Khamenei and Khatami show rare unity on US-made anti-Islam film

As Muslims throughout the Middle East and Islamic world, including in Benghazi, Cairo and Sana, express outrage at the United States government for the existence of a privately-funded amateur film perceived as insulting to the Prophet Mohammed and Islam, the Iranian regime has been quick to get in on the action with its own staged protests around the US interest section at the Swiss embassy in Tehran. This is despite a condemnation of the offending film by secretary of state Hillary Clinton which in part said:

“Let me state very clearly – and I hope it is obvious – that the United States Government had absolutely nothing to do with this video. We absolutely reject its content and message.”

The message from Iran has been surprisingly consistent across the political spectrum and perhaps even somewhat conciliatory in tone toward the US.  The regime’s interesting response is best illustrated by Iran’s Principalist supreme leader Ayatollah Ali Khamenei and Reformist ex-president Mohammad Khatami.

Condemning the “enemies of Islam” for taking “insane and disgusting action” (referring to the film), Khamenei said that “…behind this evil movement are the hostile policies of Zionism, America, and other leaders of the global arrogance.” He argued that if the previous “rings of this chain” (referring to similar incidents such as the Salman Rushdie affair, Denmark cartoon controversy, and koran burning in the US) had not been supported by the West, the situation would not have become as serious as it is today. However, while Khamenei is usually unconditional in his condemnation of the US, on this occasion he gave the American government the benefit of the doubt and the opportunity to prove its innocence:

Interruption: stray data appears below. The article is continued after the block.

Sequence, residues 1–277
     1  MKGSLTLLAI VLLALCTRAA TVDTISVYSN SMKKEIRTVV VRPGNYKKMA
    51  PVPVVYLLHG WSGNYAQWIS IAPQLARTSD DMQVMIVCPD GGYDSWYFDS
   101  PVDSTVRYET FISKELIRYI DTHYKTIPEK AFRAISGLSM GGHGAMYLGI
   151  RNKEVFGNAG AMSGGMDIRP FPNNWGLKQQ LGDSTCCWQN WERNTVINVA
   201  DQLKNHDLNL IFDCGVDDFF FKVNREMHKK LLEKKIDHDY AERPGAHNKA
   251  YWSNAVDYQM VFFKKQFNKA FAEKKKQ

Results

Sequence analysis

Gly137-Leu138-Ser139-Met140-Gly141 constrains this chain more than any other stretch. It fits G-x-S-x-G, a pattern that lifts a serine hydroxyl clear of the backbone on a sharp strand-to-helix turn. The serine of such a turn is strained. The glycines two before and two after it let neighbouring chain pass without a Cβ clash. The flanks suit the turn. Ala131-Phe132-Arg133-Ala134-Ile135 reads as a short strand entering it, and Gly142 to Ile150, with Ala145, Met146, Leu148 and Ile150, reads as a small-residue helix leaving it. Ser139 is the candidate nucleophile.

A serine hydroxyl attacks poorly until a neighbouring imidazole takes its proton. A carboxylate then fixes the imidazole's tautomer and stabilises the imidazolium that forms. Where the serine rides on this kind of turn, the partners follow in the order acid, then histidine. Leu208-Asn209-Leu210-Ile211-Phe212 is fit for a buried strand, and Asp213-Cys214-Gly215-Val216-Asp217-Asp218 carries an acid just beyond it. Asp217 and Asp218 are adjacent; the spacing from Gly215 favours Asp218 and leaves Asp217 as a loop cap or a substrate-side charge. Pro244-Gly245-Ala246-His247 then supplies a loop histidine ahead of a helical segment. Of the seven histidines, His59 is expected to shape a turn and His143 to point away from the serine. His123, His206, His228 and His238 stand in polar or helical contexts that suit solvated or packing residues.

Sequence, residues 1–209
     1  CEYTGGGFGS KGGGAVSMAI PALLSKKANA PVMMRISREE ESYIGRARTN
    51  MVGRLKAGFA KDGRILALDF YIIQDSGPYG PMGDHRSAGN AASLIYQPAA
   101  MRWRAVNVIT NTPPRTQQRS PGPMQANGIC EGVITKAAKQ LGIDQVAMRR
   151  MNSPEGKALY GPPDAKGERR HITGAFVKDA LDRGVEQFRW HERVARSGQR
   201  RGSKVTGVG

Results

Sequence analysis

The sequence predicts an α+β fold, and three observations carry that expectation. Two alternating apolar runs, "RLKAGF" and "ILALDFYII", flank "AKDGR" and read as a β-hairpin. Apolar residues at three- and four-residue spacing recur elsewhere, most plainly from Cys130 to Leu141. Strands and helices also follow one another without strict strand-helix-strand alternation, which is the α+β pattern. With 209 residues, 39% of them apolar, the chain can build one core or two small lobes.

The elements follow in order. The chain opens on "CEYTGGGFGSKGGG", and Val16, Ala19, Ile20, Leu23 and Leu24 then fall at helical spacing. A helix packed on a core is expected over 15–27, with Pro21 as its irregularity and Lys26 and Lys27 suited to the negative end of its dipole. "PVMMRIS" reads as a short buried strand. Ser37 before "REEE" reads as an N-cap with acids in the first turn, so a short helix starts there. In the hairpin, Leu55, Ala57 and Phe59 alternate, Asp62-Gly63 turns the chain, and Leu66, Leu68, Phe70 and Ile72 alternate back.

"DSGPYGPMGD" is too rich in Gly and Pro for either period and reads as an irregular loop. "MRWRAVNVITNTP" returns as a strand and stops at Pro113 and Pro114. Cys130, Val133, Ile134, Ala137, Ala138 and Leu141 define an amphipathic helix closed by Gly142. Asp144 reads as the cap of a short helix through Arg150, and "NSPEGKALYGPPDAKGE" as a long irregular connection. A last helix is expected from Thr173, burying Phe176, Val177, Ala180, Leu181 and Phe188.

“The first accused in this crime is Zionism and the American government. If American politicians are honest about not being involved in this field, then those who committed this evil crime and their financial backers who saddened the hearts of Muslims should be prosecuted in accordance with the severity of their crime.”

Khatami, though somewhat softer in his tone toward the US, echoed Khamenei in many regards, saying that if actions like Koran burnings in the US had been confronted in a timely manner, the world would not be facing these consequences today:

“This ugly action, whose destructive consequences we are witnessing today, comes from a lack of maturity and fanaticism and easily becomes a tool in the hands of warmongers, forces, and powers who see their illegitimate interests in spreading hate between nations and religions of God.”

Editor’s note: The Islamic Republic of Iran has used cultural issues like the current controversy to score political points in the Muslim world since the Islamic Revolution of 1979, with the most well-known cases being Ayatollah Ruhollah Khomeini’s fatwa against Salman Rushdie and more recently threats against the Iranian artist Shahin Najafi.

However, even as Islamist forces have used the made-in-the-US anti-Islam film to rally thousands against US consulates and embassies in the Middle East, Iran’s criticism has been more muted than in the past and somewhat conciliatory toward the US government. This may tell us at least two things about the dynamics of Iranian and Middle Eastern politics. First the regime’s political establishment, despite very acrimonious infighting, appears to be more or less on the same page on this specific issue. Second, Iran may soon be displaced as the most virulently anti-American force in the Middle East by the newly empowered Sunni Islamists.